nemo
QUOTE (superman325 @ Tue, 1 Mar 2011 - 18:41) *
Well ive just had a quick search of the internet if there are any laws relating to the use of indicators, and although you would fail in a driving test if you failed to use ur indicator, there are no specific laws for this only where an accident which was caused by the failure to indicate, which there was not in this instance.

With respect, your primary concern at this moment in time is to provide the police with the details of the person who was driving the vehicle. I assume you are absolutely certain that they were insured to drive your car ?

If the person you nominate receives their own NIP / s.172 as a result, then I'd suggest they sign up and start their own thread,
superman325
Also that night the police visited me at home, they seized my car at 10pm at night for suspicion of being used by myself and therefore incurred costs of £170 to release the car. How can i go about claiming costs back from the useless police force. When the car was parked on private property not on a public highway which i stated CLEARLY to the officer however he said he can still seize it, and i CLEARLY stated to him what was the piont of sezing the car for me to get it released tomorrow. Although i can only assume he sezied it to annoy me as he thought he was coming to get a driver with no insurance and no license.
jobo
no there no absolute requirment to use indecators other than to warn a car that needs warning of your intentions to alter direction, its prob just an add on, the police like to do that, they will say he coused them to brake hard swerve etc

but its academic if no NIP has been served in 14 days, as they cant do him for it anyway, are you convince that one wasnt served verbaly when they poped round ? how long after was that, exactly ?, it all gets a bit complex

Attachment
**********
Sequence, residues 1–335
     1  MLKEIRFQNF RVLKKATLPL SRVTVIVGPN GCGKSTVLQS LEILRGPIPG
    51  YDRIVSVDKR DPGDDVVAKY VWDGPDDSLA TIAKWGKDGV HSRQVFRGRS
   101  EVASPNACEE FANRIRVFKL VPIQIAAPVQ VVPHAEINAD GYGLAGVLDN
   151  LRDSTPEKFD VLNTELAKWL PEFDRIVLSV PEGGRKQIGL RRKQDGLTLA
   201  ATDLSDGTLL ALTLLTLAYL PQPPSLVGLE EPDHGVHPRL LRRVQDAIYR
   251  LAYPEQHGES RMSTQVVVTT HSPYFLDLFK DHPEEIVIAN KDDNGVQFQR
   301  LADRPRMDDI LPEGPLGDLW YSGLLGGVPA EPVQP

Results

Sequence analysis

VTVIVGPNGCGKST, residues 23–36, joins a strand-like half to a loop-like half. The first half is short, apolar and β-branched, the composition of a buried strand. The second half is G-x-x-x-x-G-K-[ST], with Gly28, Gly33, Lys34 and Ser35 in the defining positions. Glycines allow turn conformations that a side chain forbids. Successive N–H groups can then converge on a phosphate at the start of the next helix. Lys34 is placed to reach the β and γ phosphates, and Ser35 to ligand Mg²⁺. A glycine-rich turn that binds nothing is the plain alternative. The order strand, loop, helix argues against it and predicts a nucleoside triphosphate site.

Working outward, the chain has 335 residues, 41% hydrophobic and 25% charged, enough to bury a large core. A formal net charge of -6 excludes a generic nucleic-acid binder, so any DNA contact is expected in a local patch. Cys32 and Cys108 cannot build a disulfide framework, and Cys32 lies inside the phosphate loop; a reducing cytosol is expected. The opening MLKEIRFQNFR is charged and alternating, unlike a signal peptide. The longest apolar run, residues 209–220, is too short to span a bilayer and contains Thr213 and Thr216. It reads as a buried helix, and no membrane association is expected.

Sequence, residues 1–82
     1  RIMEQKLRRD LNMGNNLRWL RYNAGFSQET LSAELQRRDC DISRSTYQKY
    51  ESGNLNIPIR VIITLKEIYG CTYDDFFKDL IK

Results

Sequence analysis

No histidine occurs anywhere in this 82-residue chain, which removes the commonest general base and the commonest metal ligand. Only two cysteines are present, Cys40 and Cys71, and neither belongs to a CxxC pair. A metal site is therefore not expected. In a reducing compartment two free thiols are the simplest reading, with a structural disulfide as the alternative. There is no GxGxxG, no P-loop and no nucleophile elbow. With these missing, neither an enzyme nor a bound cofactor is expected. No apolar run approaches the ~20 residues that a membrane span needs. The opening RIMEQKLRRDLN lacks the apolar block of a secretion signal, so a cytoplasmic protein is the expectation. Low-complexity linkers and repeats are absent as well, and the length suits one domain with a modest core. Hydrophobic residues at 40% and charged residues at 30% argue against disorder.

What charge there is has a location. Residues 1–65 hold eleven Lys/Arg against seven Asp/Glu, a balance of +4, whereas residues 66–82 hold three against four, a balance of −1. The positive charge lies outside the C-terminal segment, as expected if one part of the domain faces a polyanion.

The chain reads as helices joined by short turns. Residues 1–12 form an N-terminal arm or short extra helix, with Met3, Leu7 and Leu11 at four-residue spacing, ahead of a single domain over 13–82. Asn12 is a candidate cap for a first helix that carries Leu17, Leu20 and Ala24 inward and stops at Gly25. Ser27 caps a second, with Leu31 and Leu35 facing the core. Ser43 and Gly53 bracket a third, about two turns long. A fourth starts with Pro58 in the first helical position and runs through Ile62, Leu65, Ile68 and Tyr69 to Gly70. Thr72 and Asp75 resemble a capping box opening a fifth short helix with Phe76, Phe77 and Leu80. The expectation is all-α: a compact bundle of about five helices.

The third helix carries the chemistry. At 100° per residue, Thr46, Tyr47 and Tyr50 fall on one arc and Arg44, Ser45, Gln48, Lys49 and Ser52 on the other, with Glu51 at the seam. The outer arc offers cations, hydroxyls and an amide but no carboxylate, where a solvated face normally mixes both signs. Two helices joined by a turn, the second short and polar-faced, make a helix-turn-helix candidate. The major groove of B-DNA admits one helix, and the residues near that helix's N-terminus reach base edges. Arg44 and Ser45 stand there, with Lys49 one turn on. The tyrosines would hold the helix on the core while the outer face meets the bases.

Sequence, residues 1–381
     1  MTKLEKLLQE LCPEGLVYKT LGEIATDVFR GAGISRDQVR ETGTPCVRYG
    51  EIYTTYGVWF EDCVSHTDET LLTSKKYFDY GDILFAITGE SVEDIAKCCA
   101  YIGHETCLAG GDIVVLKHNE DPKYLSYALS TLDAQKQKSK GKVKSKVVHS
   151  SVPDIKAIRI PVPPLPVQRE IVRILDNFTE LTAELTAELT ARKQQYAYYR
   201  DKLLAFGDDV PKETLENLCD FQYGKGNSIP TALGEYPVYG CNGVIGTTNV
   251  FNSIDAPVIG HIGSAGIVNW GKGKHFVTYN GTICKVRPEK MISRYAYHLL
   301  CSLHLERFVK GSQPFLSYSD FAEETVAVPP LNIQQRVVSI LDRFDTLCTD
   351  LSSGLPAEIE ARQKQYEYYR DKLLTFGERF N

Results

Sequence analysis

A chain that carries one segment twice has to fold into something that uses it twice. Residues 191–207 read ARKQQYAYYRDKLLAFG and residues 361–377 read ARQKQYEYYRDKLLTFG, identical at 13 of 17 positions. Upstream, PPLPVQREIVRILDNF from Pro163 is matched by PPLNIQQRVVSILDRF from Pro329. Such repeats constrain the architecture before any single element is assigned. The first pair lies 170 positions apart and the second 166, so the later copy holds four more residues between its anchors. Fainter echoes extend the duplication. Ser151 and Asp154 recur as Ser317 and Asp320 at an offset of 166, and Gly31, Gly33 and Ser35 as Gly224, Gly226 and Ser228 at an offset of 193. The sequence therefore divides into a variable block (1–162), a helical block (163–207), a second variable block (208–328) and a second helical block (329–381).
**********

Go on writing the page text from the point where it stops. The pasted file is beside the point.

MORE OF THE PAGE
there no 14 day requirement for insurance and DL
superman325
Yes they are Definately insured to drive any car.

Does anyone know the procedure after you reply with the driver details?
nemo
QUOTE (superman325 @ Tue, 1 Mar 2011 - 18:55) *
Does anyone know the procedure after you reply with the driver details?

The person you nominate will receive their own NIP / s.172 requirement to name the driver of the vehicle at the material time.
Top Cat
For someone who says they weren't there and are therefore not responsible you seem mighty obsessed with the allegation of driving without due care.

As others have said , whatever the merits of what took place that night is irrelevant to the lawful requirement upon you to name the driver.

Just the same as for anyone else driving a car , a police officer in uniform has the lawful right to stop you and demand your name and address , the officer doesn't need to have a reason or give you a reason for doing so , you've got to give up the correct details and failure to co-operate will result in arrest.

jobo
they will write to who ever you name, asking them to confirm who was driving, then they mat well interview him and ask him to produce DL and insurance,, if those go away, the careless may go with them, or not, as we dont know what he actualy did, and how much oit anoyed the copper
superman325
Hi Jobo,

All they did was give the RTA 1988 section 172 Requirement to give driver info and just made me sign his copy to say id received it.

They popped round 4 hours after the offence.
nemo
QUOTE (superman325 @ Tue, 1 Mar 2011 - 18:52) *
How can i go about claiming costs back from the useless police force.

If the officer had reasonable grounds for suspecting that the vehicle was being driven without insurance, and you were unable to demonstrate the contrary, then the seizure was almost certainly lawful and, as such, you will have little chance of reclaiming any monies.

QUOTE (superman325 @ Tue, 1 Mar 2011 - 18:52) *
When the car was parked on private property not on a public highway which i stated CLEARLY to the officer however he said he can still seize it..

He was quite correct - the relevant legislation only precludes him from actually entering a private dwelling house.
jobo
QUOTE (Top Cat @ Tue, 1 Mar 2011 - 18:58) *
For someone who says they weren't there and are therefore not responsible you seem mighty obsessed with the allegation of driving without due care.
biggrin.gif im beggining to thing that forgeting to reply and taking the six ppoimts might be best ?
nemo
QUOTE (superman325 @ Tue, 1 Mar 2011 - 18:59) *
No the police car was about 5 cars behind me in right lane...

Behind you, or the person you claim was driving your vehicle ?
superman325
Its my friend so therefore just trying to establish the facts and if they are trying to pin extra offences on him.

It just states Due Care not Due Care & attention - so i think its just an add on they like to do for scare tactics.

5 Cars behind the person driving
jobo
he did something to make them follow up on him, the police clearly think its you, hence the ins and DL notification, so they may or may not follow up the careless when all is well with the docs, but i wouldnt bet they wont